Wednesday, 23 February 2011

Deported from Brazil?

If I was one of the only happy people in Lima Airport on the start of the journey back to Brazil, with flight vouchers and a day of shopping and hotel spa under our belts to finish our Peru trip, all for free, the Gods of Travel didn’t allow me to be smug for very long.

I can’t say that it was a big surprise to be honest. An outstanding fine from a previous overstay that I thought I’d paid in Buenos Aires was not the problem - being unable to pay it in any way when arriving in Guarulhos early on a Saturday morning certainly was. Brazil has many ways when it does not consider things from the estrangeiro angle. I didn’t really deserve much favour, but there might be people in the same situation who do and they’ll be stuck too.

If you have any fine to pay on your return to Brazil for overstaying a visa, my first advice is to use another entry point. Certain other borders around the edge of Brazil are a little more lax, with late night arrivals met by a one-man immigration team typed into a system with one finger on an archaic computer that doesn’t look like it will be connected to any kind of network. Guarulhos Airport in Sao Paulo is not so accommodating, and one of the only places where you are certain to get stopped, all details being electronically processed and listed.

So having been stopped, what can you do? The first frustration is that you can’t pay the fine by card, which I was happy to do. Most people re-entering Brazil with a fine to pay are unlikely to have many reais on their person. The immigration team were quite friendly, certainly not what you would find at Heathrow or any of the big US airports, and accompanied us around the airport, even removing their pig-proof gasmasks. No joy though. The second frustration is that you cannot buy local currency at the cambio houses with foreign cards. Both of these could easily come with a credit card surcharge on top, problem solved, taxi caught outside, sat in the house an hour later. My problem was that the shopping spree in Lima had been paid for with cash, and the withdrawals only arrived in my account the following day. I couldn’t take any more cash out that whole day. You can’t use foreign currency either, so anybody arriving alone and without the necessary Brazilian money would not have any way of paying without being able to enter the arrivals terminal.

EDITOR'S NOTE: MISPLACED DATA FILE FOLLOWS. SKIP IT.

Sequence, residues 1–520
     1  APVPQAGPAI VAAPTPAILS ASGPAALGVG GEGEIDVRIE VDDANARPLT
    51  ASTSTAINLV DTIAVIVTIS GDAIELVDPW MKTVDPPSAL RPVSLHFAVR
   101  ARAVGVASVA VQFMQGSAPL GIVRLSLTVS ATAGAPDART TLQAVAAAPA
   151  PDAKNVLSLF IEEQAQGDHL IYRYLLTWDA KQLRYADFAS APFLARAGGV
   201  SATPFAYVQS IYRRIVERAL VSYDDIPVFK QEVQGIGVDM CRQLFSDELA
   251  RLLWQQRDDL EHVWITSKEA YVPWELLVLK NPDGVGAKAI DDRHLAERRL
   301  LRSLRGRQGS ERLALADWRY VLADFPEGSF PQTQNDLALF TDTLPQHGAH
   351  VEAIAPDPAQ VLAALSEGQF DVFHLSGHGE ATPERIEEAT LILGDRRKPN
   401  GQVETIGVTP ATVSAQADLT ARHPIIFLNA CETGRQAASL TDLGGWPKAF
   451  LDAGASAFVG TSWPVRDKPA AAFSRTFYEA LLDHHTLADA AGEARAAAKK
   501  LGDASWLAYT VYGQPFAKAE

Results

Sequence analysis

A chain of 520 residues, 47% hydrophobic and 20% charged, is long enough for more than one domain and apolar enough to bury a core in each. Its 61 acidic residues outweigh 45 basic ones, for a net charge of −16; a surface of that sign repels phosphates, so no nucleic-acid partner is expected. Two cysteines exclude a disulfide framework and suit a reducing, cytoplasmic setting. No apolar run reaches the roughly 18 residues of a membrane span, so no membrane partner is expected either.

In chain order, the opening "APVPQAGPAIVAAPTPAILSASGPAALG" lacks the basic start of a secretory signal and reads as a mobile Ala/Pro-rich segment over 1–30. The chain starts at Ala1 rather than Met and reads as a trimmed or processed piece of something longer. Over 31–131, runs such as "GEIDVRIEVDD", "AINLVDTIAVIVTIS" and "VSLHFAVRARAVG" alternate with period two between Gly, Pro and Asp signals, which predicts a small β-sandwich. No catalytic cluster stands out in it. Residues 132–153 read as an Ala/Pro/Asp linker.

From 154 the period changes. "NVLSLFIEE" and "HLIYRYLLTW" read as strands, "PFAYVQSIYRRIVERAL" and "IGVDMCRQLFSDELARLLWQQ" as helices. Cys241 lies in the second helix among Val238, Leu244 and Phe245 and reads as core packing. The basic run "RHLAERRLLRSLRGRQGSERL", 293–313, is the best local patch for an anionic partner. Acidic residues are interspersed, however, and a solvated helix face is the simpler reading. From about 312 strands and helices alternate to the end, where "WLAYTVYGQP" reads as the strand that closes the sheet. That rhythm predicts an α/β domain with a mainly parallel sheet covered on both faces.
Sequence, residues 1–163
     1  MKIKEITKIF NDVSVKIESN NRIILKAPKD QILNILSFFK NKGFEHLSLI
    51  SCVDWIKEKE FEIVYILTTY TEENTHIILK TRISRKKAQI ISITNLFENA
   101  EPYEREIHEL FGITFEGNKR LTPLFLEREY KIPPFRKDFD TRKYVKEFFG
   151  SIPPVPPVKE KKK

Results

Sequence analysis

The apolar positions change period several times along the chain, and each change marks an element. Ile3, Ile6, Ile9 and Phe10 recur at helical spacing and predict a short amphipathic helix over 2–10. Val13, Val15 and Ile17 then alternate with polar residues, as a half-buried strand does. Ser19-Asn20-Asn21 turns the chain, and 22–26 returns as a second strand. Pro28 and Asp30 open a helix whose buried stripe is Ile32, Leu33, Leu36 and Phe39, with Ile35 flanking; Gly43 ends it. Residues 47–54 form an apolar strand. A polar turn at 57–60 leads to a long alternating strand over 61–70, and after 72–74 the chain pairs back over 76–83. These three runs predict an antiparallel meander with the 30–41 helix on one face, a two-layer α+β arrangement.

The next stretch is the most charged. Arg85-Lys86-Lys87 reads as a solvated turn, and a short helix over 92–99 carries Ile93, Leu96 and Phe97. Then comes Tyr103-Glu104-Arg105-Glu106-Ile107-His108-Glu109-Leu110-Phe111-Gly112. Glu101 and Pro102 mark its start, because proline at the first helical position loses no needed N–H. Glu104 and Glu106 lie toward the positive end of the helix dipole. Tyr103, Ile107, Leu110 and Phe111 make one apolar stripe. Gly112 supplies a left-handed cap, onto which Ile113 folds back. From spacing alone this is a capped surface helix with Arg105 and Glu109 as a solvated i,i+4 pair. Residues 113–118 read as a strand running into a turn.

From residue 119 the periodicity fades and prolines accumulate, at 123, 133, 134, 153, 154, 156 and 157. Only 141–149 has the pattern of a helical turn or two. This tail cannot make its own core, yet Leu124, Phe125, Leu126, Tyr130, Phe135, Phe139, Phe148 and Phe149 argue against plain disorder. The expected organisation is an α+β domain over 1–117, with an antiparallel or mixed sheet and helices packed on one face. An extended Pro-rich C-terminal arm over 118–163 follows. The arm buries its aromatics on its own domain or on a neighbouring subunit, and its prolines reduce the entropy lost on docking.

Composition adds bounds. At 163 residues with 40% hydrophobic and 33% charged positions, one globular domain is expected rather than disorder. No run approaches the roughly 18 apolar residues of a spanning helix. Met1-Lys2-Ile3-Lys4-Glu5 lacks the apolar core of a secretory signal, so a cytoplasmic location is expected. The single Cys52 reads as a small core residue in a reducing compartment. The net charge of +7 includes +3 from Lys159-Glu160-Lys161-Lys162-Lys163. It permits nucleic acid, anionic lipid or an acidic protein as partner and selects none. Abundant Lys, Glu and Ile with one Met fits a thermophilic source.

With no friends in Sao Paulo having easy access to the cash I needed help from further away. Something like this sounds like a job for Western Union, or any other money transfer company. For some reason they don’t seem to like having offices in the airport. The nearest one was in the area, but you try convincing a taxi driver to take you 2 miles down a highway where walking is impossible when he could be taking people right across the city instead. They refuse, point blank. After all the morning’s fun, Blondie would never be able to walk there in time before it closed at midday. I was totally stuck. It began to look like I was going to have to live in The Terminal, at least until the Monday. I laughed to myself as we returned, thinking that living in the airport for a couple of days would make a good little travel story for me, and I had no problem with that. Accompanied by my laptop and with English football on the departure lounge televisions, this would not be a big hardship.

Things took a turn for the worse when Blondie left to try and organise the money, and I had to return to the holding bay. The Big Boss had arrived and was shouting at the staff for letting me out and for not sending me back to Lima immediately. He wanted me out as soon as possible, and my nerves started to jangle as all of a sudden my time in Brazil looked like it was coming to an end...

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